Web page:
Thirty-five years ago, a congressional committee led by a young US representative by the name of Albert Gore, Jr., began investigating a growing number of cases involving misconduct in federally funded research. Over time, the exposure of these cases led to the creation of the Office of Research Integrity (ORI), a unit of the Department of Health and Human Services (HHS). Now, ORI is not only proactively developing programs to teach responsible research conduct but also exploring the role behavioral science can play in understanding the root causes of fabrications, falsifications, and plagiarism in reporting the results of federally backed public health research.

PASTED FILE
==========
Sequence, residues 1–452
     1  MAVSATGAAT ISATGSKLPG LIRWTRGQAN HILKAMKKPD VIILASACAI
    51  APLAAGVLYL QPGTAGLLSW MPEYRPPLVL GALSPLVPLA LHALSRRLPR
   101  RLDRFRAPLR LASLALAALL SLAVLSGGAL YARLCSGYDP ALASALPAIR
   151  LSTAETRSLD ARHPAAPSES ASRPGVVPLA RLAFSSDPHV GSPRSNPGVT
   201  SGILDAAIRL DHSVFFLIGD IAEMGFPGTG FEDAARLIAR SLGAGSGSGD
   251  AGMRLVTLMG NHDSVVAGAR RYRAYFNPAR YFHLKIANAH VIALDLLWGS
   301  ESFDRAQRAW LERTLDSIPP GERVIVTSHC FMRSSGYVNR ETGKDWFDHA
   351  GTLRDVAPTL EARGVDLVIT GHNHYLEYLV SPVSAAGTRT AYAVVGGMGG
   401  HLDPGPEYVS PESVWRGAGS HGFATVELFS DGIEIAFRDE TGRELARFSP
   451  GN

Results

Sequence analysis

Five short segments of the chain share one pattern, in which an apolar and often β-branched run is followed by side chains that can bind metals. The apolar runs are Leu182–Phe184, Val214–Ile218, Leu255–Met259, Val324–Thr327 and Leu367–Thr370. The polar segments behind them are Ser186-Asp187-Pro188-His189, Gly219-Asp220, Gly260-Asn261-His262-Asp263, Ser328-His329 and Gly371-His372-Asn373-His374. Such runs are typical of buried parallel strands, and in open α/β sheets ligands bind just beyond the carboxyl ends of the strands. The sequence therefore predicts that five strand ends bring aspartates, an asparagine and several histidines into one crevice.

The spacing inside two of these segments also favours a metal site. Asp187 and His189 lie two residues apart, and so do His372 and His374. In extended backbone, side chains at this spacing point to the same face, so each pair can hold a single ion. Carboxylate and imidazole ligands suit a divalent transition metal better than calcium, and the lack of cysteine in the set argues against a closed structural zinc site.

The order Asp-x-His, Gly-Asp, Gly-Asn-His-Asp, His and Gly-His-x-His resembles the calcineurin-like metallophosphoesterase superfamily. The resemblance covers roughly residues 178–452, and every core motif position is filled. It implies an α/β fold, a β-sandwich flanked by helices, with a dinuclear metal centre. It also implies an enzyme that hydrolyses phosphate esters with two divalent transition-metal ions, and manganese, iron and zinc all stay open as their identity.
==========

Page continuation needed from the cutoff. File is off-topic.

The Observer recently talked with ORI scientist–investigator Ann A. Hohmann about ORI’s work and the role that psychological scientists can play in helping prevent scientific misconduct.
The statements and opinions expressed in the following interview are Hohmann’s and are not the official positions of ORI or HHS.